The effects of de-training

You have just mortgaged your house to join the local health club. Your aim is to lose a few pounds after over indulging at Christmas. The target is to fit in to last year’s summer beachwear before the holiday season. But once summer is here will you continue exercise? Or will you lapse until next January?

Many people start exercising following Christmas in preparation for the summer sun. Very few people, less than 50%, continue exercising throughout the whole year. So what happens to people when they stop exercising? Everyone knows the benefits from starting exercise but detraining is an area of exercise science very few people think about. Detraining affects the body in many ways. The obvious and initial adaptations effect fitness levels. The rate your fitness deteriorates depends very much on your condition before detraining. Fitness levels, universally measured by V02 max, will eventually return to sedentary levels. This will cause breathlessness with slight exertion (e.g. climbing stairs). Highly trained individuals suffer a more rapid decrease in V02 max in the initial stages of detraining; although some a level of fitness is retained. Those people who have low to moderate fitness levels initially incur slower decreases in fitness levels over the first few weeks but V02 max scores decrease to untrained levels in additional weeks.

General health is also seen to deteriorate after ceasing exercise. The heart typically becomes smaller as the muscle wall atrophies. This occurs as the heart muscle without overload or sufficient usage reduces its size to become more efficient for the work it has to carry out. The reduced size of the heart results in decreasing stroke volume, the amount of blood pumped with each heartbeat. As much as a 10% decrease in stroke volume during the first two weeks following training cessation can occur. The decrease in stroke volume causes increases in resting heart rates – the heart has to pump more often due to the decrease in amount of blood transported per beat. During any activity the heart rate will be elevated due to the heart having to work harder when physical activity is undertaken again. As much as 10 beats per minute can be added to maximal heart rates in de-conditioned athletes, thus putting a lot of strain on the organ. The bodies other muscles will also decrease in size rapidly. This decrease in Lean Body Mass will directly affect the bodies Basal Metabolic Rate (BMR), i.e. the amount of fuel (calories) the body utilises at rest. Without decreasing your food intake in line with the BMR the result is often increase in body fat stores.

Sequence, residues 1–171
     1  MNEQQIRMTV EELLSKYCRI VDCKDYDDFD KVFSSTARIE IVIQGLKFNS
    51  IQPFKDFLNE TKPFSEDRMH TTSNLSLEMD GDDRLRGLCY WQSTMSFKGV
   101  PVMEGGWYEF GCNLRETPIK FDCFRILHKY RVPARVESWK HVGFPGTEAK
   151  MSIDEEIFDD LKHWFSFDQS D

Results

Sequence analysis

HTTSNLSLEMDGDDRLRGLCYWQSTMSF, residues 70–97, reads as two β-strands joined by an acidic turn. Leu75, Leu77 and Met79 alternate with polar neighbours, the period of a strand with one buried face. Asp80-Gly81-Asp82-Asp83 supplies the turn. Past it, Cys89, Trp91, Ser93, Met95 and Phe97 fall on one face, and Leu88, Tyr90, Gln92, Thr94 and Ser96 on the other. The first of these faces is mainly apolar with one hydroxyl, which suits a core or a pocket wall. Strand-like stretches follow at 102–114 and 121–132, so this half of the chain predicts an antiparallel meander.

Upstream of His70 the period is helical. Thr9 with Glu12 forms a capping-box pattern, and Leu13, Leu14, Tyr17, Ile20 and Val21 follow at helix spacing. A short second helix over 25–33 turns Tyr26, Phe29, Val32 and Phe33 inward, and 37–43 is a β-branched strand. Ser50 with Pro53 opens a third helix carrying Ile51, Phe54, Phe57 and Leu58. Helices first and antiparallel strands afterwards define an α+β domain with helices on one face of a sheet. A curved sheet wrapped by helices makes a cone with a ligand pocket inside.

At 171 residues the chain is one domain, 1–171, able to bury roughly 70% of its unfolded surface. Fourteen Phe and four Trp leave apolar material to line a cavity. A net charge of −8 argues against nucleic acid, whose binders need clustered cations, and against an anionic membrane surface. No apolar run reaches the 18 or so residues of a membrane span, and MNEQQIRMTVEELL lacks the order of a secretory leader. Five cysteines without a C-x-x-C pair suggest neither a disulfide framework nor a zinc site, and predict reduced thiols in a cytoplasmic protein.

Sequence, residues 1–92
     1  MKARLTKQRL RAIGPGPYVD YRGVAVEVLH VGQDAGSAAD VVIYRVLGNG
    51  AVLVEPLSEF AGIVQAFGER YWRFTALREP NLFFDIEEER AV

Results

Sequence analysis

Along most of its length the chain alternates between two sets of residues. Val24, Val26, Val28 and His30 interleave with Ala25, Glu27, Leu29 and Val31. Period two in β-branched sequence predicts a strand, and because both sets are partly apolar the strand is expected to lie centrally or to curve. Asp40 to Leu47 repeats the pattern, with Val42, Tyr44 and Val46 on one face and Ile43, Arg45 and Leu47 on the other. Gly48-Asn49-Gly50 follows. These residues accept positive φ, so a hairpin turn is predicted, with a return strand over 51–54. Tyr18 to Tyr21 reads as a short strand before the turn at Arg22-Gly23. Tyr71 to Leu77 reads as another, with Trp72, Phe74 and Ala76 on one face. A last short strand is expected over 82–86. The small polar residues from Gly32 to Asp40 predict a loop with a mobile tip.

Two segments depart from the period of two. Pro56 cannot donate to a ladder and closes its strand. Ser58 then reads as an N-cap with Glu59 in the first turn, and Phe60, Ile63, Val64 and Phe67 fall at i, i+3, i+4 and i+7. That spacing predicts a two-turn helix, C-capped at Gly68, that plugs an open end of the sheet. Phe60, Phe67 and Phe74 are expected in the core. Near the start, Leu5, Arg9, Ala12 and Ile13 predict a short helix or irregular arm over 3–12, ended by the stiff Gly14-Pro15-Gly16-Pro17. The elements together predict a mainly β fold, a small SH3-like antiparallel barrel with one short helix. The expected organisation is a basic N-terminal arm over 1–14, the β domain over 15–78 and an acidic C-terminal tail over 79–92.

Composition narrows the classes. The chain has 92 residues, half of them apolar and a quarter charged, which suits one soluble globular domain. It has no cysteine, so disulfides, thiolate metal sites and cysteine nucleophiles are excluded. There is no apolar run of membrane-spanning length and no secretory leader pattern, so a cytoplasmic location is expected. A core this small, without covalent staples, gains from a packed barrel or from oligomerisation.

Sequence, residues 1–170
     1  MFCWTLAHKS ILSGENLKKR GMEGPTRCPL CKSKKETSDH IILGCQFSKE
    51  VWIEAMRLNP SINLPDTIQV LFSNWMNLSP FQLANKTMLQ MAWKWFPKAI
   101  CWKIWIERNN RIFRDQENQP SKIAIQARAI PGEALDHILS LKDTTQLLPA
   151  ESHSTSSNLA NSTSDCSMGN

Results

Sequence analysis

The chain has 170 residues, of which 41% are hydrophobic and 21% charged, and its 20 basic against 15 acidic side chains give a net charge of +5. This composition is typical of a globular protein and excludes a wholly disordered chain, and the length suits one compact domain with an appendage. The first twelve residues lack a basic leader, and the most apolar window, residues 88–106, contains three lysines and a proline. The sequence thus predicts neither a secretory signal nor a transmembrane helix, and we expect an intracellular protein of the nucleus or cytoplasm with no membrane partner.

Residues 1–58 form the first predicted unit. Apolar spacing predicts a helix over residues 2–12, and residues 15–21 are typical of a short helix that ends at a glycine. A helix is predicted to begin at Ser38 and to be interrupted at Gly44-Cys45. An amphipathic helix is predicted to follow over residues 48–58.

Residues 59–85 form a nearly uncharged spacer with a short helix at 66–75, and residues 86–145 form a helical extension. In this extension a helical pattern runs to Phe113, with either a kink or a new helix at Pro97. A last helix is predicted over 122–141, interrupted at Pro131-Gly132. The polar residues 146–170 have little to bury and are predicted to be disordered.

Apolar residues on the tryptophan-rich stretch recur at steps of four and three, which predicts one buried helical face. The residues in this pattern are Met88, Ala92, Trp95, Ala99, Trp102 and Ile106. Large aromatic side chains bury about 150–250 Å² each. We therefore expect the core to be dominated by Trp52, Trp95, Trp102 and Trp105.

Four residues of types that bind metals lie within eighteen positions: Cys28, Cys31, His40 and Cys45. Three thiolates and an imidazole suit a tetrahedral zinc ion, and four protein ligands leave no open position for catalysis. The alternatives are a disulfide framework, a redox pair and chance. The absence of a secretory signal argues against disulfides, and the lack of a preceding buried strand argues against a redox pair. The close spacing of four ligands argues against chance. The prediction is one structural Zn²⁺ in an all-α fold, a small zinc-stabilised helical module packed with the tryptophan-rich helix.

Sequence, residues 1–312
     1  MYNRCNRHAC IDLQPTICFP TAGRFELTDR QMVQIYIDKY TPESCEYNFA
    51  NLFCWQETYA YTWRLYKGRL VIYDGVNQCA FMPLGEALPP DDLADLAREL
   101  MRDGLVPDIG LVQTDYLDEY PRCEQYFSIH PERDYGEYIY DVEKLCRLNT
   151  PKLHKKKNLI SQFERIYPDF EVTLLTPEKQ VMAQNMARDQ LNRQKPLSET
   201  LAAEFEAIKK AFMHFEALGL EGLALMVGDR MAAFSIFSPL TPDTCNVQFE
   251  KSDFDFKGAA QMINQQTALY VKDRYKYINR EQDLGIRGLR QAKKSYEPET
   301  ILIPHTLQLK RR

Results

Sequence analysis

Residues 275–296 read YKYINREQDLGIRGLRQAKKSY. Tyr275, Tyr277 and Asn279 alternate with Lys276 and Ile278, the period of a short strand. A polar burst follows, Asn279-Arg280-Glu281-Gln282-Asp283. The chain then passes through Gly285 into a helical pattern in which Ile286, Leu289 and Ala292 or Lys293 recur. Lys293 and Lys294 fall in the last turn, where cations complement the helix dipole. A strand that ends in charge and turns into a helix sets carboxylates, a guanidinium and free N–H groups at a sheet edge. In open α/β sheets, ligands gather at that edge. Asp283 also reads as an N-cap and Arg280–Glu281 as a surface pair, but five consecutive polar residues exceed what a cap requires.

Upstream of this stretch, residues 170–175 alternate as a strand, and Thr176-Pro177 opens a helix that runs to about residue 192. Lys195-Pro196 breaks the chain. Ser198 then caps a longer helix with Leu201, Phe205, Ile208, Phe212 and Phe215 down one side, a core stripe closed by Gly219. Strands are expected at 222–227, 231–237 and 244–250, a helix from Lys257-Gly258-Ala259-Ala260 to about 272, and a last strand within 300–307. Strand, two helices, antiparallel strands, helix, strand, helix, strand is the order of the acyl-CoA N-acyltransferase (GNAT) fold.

For serious athletes, such as runners, performance can be affected by as much as 25% over the first 3 weeks of de-training. For those who take up exercise again following a period of detraining this can result in a lot of pain and stiffness, especially if you try to start where you left off. It is important to re-start exercise slowly and progress gradually back to previous levels

Generally, detraining will result in almost all your recent acquired fitness benefits being lost after just one or two months. As age and gravity start taking effect, you will find starting exercise again harder. Typically you will be in a worse position than you were the previous year. Goals to lose weight will become more difficult to attain as BMR is affected considerably by detraining. Rates of resting metabolism also decrease with age, making it harder to shift the Christmas binge, especially following a break in exercise.

If you are planning or experience a period of detraining due to holidays, illness or just through sheer laziness it is advisable to participate in a different or less taxing exercise on your return. This can reduce the detraining effect considerably. Ask you fitness consultant or personal trainer to design a maintenance programme for you during the summer months or when you know you would much rather be strutting your stuff on the beach rather than sweating it out in the gym.
Remember that it is a complete break from exercise and physical activity for more than 2-3 weeks that tends to be most detrimental. A break from your regular workout for this duration will require you to exercise caution when you return to class or the gym. You could end up missing more exercise through injury. Take care and keep exercising!
Mark Mayes, BSc


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